and someone else. We struggled with tags to give to the marshals, and the nutrition strategy (which started with a massive breakfast) continued. I gulped a gel down and battered off down the hill, following Konrad, and soon realising that the ground was perfect for running down. Scree of good size and slippy-ness. The kind of stuff you always really want to slide/run down as a kid, but you get told not to- or to be careful... well, this is a race, go as fast as you dare. So I stormed off down the hill, enjoying every last footstep of it, gaining time over Konrad, and ahead I could see Nic - not a bad target. He is probably on a sub-4 as well, so if he is in sight, excellent.
Second Pap rises before us. Another mass of scree and rock with runners scrambling up it. Within about 3 mins of starting up it, Konrad had caught up, I don't think I really put much time into him on the descent, and the same 4 of us were together again. Some strategic passing and mini-shortcuts were had as we stomped our way up the hill - I was trying to keep a rhythm in mind just to keep the legs going at that speed - every step taking me closer to the end. Am I still on target? No idea... Don't waste energy, just keep going up. And up.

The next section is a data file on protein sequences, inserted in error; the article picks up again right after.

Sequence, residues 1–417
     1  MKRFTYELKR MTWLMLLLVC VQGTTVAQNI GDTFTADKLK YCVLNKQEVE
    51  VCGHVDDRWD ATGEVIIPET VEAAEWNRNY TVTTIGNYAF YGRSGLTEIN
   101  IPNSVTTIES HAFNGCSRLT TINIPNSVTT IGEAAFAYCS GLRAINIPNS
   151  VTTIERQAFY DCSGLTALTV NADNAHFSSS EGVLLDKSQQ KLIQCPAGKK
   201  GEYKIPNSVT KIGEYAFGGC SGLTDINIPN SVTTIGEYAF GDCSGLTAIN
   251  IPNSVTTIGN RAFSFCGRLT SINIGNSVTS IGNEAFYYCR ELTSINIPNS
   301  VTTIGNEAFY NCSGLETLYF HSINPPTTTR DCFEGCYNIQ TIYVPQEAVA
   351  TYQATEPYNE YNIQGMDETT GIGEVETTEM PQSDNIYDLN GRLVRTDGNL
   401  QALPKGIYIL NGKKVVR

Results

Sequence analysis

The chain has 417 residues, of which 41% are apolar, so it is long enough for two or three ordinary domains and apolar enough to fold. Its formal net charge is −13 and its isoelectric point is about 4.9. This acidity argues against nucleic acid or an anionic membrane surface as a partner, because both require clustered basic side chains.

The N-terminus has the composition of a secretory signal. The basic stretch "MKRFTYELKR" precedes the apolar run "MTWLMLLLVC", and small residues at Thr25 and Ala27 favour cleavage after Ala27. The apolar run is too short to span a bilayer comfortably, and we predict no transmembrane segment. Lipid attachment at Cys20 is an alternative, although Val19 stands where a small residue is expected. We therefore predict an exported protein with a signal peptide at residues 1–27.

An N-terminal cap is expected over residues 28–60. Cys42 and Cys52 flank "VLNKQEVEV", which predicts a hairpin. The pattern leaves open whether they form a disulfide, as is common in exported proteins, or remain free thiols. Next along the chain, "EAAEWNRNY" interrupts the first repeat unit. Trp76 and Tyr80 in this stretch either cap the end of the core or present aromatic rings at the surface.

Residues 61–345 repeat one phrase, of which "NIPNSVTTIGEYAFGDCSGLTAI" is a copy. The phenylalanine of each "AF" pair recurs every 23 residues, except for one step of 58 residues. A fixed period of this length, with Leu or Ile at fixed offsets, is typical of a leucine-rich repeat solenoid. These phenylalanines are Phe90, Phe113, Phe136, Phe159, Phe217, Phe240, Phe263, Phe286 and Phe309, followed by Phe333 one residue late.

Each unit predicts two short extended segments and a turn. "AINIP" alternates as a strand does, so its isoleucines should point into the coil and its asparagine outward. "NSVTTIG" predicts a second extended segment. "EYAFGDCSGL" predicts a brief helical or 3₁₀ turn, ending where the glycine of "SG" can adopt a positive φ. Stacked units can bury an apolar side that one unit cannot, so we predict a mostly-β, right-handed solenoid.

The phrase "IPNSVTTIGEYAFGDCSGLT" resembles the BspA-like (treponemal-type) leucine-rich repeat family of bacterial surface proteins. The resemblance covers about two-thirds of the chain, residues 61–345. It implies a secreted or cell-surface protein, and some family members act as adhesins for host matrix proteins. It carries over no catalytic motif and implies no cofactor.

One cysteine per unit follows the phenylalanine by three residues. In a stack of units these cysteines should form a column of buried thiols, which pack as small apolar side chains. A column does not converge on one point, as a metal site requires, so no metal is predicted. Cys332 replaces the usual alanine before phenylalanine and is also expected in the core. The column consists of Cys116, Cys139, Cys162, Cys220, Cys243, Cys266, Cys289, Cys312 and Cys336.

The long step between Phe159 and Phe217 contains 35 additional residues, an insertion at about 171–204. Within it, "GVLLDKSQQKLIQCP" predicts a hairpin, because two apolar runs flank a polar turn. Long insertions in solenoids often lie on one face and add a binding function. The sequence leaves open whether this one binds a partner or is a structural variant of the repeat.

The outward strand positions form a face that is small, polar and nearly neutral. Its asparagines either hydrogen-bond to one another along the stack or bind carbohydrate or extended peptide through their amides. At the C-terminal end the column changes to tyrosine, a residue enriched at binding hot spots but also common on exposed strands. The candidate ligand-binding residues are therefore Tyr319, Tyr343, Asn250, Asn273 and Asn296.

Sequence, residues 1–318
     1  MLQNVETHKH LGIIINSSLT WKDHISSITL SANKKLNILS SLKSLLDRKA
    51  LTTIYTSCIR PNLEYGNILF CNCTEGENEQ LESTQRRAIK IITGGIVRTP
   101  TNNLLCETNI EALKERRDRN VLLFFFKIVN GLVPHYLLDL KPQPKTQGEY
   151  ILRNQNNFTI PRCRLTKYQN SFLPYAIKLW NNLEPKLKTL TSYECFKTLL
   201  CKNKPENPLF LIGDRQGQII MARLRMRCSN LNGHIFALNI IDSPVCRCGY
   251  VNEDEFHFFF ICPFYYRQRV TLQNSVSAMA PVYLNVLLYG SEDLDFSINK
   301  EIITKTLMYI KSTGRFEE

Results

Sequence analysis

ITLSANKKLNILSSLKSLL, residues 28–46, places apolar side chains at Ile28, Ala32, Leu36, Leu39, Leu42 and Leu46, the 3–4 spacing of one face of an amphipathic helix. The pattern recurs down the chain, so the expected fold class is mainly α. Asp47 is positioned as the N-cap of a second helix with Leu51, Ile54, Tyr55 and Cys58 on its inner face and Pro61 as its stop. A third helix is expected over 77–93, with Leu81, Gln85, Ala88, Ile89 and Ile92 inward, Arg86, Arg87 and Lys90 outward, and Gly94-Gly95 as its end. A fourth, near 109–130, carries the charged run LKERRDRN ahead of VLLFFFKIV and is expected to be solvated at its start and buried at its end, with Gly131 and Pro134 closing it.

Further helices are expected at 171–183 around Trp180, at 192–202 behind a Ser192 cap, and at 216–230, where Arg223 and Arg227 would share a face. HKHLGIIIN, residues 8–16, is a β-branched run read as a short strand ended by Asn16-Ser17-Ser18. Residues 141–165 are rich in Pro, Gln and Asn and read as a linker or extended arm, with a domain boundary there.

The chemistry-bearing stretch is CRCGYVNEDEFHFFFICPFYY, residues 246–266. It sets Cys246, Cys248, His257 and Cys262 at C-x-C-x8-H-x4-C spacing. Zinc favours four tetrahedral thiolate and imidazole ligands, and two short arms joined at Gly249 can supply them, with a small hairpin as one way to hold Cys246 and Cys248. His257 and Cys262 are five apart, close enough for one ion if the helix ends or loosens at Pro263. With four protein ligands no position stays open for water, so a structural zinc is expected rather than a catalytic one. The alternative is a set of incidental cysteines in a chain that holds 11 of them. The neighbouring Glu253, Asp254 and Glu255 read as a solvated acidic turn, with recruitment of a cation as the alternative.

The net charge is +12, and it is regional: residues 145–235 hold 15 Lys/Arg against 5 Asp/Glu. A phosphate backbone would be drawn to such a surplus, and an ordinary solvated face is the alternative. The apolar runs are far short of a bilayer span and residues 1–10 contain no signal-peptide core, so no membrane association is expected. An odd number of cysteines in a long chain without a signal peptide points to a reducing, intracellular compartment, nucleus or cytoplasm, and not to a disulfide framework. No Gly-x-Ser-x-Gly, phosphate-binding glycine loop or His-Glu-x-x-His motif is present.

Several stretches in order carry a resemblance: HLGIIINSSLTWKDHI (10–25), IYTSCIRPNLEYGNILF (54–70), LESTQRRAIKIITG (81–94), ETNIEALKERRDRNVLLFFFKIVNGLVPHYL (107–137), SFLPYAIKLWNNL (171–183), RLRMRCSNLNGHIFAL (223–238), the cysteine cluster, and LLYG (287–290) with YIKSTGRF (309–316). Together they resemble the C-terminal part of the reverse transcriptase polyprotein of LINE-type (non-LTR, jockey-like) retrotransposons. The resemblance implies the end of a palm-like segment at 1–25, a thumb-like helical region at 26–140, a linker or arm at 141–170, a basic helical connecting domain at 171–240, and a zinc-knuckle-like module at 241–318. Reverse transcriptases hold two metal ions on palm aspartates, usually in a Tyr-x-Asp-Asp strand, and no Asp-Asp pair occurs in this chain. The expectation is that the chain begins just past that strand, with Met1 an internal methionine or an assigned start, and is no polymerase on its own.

The Paps. On a blessedly good day. 
This was the second huge Hands-on-knees climb of the day, we'd been going for nigh on 2 hours now, my knee hadn't been bothering me, and it continued to be fine. I certainly wasn't thinking about taking photos at that point as the 4 hour time scale seemed to be good, though not with a whole lot of leeway. As we tramped up the slope I tried to take in just how much landscape there was- the beauty of the island and everything around it- though to be honest, even if I was a marshal and up there for several hours, I doubt I would have taken it all in.

At the second scree "wall" Konrad took a sneaky line around the back, so I swiftly followed him- it ended in pretty much a grassy scramble to the top, but we reached the ridge about 30 metres behind Nic, surprising him, and, without a doubt, spurring him on. Across the ridge, and Julien was there with a bottle of water and some helpful advice about the route- which I basically didn't hear as I was just too knackered to listen to anything at that point, gulping down the second of 3 gels I was potentially going to consume over the race.